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RichmondCommu

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G'day,

The windows on Voyagers and Pendolinos get a really bad press at times on this forum but are the positioning / size of windows really that important? I travel by train a lot and in my experience passengers pay very little attention to the passing countryside. Not only that but safety and the chance of getting a seat are far more of a priority than a panoramic view.

Your views on this would be very much appreciated!

Richmond Commuter.
 
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John55

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G'day,

The windows on Voyagers and Pendolinos get a really bad press at times on this forum but are the positioning / size of windows really that important? I travel by train a lot and in my experience passengers pay very little attention to the passing countryside. Not only that but safety and the chance of getting a seat are far more of a priority than a panoramic view.

Your views on this would be very much appreciated!

Richmond Commuter.
The size and position of windows are important otherwise how do you know it is time to get off the train? Not all trains have public address that works or that can be heard (or sometimes that gives the correct information). Now while many passengers do not look out of the window I do and would very much prefer to continue to do so.

PS The position of the seats relative to the windows probably is the bug bear for most.
 

RichmondCommu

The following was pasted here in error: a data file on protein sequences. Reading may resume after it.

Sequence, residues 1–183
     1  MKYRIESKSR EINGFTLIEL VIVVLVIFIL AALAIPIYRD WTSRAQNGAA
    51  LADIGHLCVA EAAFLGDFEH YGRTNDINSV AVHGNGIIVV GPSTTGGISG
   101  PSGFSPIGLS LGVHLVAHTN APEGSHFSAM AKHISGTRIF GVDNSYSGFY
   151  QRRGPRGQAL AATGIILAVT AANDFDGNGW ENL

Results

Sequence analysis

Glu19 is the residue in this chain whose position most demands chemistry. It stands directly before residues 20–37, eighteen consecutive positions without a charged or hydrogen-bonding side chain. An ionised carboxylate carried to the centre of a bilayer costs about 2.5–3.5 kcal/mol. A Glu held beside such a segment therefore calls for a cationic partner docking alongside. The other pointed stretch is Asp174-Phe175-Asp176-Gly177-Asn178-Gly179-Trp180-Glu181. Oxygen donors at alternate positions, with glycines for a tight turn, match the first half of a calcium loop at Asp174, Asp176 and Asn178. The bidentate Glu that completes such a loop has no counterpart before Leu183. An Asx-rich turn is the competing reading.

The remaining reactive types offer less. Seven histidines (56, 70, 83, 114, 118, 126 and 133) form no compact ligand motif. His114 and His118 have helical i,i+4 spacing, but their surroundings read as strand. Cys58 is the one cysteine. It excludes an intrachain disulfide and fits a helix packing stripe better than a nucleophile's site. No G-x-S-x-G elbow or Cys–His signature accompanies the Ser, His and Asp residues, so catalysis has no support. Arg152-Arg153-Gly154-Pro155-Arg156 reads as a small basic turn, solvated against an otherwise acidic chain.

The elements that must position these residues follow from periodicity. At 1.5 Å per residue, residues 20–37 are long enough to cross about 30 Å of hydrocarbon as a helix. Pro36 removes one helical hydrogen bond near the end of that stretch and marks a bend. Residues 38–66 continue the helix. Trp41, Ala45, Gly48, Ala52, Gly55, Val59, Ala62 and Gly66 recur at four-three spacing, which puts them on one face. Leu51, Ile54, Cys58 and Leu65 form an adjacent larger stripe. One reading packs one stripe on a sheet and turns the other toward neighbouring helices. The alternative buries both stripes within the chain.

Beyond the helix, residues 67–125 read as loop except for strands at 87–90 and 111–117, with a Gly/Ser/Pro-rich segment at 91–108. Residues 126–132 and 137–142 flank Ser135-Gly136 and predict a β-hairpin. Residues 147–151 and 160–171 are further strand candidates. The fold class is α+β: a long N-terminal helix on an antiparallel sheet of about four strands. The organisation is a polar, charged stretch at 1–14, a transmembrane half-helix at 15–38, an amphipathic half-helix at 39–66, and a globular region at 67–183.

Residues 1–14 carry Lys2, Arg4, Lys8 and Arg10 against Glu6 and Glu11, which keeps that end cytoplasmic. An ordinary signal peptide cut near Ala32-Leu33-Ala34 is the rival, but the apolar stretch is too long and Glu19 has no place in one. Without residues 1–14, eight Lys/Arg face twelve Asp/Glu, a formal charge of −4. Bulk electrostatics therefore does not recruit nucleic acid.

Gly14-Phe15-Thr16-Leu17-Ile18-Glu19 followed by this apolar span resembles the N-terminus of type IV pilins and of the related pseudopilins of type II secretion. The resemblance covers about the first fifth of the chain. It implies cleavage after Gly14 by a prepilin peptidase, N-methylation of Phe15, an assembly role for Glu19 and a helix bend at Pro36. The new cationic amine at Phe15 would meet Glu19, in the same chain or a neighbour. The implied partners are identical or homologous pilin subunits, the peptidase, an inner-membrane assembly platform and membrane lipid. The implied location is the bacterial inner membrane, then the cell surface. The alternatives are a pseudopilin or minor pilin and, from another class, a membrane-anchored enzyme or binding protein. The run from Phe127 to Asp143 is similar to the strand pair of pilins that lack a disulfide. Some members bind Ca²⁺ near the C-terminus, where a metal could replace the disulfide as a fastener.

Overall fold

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The size and position of windows are important otherwise how do you know it is time to get off the train? Not all trains have public address that works or that can be heard (or sometimes that gives the correct information). Now while many passengers do not look out of the window I do and would very much prefer to continue to do so.

PS The position of the seats relative to the windows probably is the bug bear for most.
In all fairness Cross Country and Virgin are very good at telling customers where the train will next be stopping at. In my experience the vast majority of passengers are far more interested in; their newspapers, books, Kindles, laptops, tablets, smart phones et al rather than whats going on outside.
 

dubscottie

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In all fairness Cross Country and Virgin are very good at telling customers where the train will next be stopping at. In my experience the vast majority of passengers are far more interested in; their newspapers, books, Kindles, laptops, tablets, smart phones et al rather than whats going on outside.
For me having a window is the main priority.. Thats why I travel by train and not plane! I like to watch the world go by.